While there’s still a considerable stigma attached to mental illness, it’s becoming more and more acceptable to talk about, and help is more accessible than it’s ever been. People are waking up to the impact that poor working conditions can have on wellbeing, and while it’s far from a solved problem, there’s plenty of reason to be hopeful in this area.

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A more human view of employment has coincided with a decline in formality. Before, there was a sharp distinction between how people dressed and comported themselves at work and what they did in their leisure time.The casual dress codes which allow tech industry talent to feel like they’re at home (conveniently making them less inclined to leave the office) are filtering into the greater business world, with fewer offices requiring employees to be suited and booted during working hours.

Theoretically, we should be more relaxed, but a more nebulous idea of what’s ok and what’s not presents more of a cognitive load than it may have done to our predecessors.

The More Things Change

Looking at the statistics, it’s clear that the societal impact of the internet and the rise of freelancing has resulted in work looking very differently to how it did in the past, but even bigger changes could be on the horizon.

As artificial intelligence improves and the Internet of Things grows in size and sophistication, human workers are being edged out by machines — as many as 47% of US jobs are estimated to be at risk. And blue collar jobs are being hit first: in particular, long distance truckers are watching the development of the self-driving car with trepidation, as well as manufacturing and retail workers.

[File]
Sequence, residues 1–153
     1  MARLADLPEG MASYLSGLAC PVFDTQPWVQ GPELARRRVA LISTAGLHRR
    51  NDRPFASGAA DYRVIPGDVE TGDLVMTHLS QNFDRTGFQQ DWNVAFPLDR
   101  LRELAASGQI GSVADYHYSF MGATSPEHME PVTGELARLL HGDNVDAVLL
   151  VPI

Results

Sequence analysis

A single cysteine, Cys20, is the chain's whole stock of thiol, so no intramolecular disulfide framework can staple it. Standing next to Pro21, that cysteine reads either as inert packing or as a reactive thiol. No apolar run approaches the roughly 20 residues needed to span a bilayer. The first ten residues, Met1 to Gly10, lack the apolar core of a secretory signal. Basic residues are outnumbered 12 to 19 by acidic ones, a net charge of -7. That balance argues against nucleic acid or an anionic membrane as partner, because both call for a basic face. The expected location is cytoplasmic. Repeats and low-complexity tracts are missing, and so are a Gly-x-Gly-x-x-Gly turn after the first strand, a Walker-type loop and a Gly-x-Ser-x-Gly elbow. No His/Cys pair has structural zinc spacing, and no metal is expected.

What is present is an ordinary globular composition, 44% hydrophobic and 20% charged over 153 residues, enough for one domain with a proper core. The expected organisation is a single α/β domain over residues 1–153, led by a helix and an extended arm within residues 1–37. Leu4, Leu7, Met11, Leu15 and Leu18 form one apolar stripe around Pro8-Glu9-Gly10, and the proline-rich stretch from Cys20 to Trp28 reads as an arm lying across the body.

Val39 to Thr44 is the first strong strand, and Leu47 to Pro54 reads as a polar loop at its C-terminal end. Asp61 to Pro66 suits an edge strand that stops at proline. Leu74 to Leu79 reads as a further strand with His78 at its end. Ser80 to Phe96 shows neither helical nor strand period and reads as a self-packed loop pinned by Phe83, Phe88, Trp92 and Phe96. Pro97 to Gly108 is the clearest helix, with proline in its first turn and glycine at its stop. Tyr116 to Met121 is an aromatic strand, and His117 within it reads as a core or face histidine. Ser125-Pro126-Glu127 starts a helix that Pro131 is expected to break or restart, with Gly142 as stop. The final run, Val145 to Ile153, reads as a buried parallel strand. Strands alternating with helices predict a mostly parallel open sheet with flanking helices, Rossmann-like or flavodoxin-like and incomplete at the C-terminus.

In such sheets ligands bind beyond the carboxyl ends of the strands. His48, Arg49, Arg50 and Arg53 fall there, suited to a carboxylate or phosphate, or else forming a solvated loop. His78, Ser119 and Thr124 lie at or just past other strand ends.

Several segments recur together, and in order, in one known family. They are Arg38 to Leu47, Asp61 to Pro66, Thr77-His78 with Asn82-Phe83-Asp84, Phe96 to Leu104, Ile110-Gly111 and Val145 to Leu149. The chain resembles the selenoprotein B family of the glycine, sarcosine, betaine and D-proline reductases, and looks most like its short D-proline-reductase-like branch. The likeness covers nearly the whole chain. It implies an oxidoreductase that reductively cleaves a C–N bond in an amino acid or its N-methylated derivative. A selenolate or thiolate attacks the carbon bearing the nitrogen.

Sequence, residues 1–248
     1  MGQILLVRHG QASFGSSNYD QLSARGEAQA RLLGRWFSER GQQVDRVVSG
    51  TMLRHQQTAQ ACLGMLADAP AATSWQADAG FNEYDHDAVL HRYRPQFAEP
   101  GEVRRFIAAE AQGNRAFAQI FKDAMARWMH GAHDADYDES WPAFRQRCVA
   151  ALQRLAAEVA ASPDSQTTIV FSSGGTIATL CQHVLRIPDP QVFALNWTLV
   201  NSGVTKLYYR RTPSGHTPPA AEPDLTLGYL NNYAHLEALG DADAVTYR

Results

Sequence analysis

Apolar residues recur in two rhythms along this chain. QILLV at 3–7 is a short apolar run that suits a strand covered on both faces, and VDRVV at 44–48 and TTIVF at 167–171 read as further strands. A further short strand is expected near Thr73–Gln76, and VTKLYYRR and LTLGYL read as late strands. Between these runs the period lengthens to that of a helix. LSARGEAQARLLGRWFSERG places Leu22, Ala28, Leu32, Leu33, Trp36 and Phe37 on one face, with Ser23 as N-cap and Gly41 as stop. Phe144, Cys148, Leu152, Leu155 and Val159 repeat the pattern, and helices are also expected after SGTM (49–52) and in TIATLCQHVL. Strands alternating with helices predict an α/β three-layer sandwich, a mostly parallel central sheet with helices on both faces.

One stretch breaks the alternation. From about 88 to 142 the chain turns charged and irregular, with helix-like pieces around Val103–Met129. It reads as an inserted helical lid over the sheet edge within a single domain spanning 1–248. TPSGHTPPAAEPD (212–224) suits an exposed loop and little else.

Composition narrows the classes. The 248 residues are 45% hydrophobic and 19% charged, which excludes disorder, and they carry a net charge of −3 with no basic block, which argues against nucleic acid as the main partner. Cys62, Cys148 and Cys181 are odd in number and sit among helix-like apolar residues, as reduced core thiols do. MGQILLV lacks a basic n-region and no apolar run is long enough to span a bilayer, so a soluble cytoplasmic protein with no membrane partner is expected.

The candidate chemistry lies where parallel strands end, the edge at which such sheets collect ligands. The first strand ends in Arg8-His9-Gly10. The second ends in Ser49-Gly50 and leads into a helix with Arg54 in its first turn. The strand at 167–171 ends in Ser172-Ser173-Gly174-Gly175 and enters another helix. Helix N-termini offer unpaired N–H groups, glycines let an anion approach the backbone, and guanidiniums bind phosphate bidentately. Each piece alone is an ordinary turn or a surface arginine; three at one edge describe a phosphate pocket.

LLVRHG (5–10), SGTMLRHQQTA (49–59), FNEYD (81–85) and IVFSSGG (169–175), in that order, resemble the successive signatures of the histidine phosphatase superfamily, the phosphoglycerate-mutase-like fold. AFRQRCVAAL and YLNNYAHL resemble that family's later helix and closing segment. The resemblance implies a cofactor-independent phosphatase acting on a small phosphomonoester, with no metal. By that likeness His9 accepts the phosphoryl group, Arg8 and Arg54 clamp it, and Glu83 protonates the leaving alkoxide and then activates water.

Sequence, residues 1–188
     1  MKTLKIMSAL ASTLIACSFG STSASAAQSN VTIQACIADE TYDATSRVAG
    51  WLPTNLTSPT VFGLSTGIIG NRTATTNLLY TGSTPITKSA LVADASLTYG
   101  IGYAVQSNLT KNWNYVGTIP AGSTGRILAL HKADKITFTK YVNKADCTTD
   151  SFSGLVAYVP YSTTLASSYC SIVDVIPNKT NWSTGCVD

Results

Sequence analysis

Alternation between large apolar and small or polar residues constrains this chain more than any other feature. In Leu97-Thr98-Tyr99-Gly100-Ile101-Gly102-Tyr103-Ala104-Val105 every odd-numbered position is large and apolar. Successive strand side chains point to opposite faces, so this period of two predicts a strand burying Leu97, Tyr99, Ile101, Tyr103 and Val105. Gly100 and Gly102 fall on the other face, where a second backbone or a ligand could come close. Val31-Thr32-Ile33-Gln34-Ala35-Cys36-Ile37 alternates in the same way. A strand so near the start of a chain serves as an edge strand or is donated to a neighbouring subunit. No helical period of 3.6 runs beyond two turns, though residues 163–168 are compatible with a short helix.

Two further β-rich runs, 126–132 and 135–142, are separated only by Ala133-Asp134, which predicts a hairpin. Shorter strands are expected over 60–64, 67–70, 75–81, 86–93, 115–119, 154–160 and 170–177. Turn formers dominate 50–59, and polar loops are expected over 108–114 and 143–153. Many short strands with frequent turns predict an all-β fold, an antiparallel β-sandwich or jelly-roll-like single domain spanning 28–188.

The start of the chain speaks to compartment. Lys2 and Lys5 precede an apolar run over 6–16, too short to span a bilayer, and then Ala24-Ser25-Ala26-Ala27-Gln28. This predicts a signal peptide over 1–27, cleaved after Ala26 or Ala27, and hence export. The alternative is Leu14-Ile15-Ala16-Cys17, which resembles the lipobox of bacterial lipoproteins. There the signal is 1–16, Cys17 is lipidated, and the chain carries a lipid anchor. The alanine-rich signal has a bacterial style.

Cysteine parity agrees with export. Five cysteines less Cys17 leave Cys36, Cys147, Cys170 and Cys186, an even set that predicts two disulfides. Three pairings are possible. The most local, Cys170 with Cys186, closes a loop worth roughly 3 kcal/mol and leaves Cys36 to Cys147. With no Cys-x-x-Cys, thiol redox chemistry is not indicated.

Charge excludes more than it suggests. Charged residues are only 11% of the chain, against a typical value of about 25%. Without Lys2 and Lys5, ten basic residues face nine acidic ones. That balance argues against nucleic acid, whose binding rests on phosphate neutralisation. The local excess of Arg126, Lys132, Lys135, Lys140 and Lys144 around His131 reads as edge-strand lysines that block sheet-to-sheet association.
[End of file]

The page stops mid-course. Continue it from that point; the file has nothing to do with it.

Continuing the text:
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How will we adapt to a world with far fewer jobs than people? It’s not possible to make a completely reliable prediction, but the fact that less-skilled jobs are being rendered obsolete first means that it’s reasonable to expect a widening gap between rich and poor.

Education will become even more crucial to finding work, though the American education system is still embarrassingly missing expectations. It’s also possible that changes in the economy will affect which industries and skills we consider prestigious, benefiting creative workers as well as vocations where human contact is key, such as teaching and healthcare, a prediction seconded by inventor and serial entrepreneur James Tagg.

Work continues to be a fact of life, but for young people in the early stages of their career, work is unlike what any previous generation has experienced. While this uncertainty may provoke anxiety, many workers are taking advantage of the nebulous environment to find their own path and decide for themselves what their career should look like.

To millennial entrepreneurs, the risk associated with changing times signifies new and exciting opportunities. And in 2016, this high risk, high reward mentality is simply a part of the way we do work.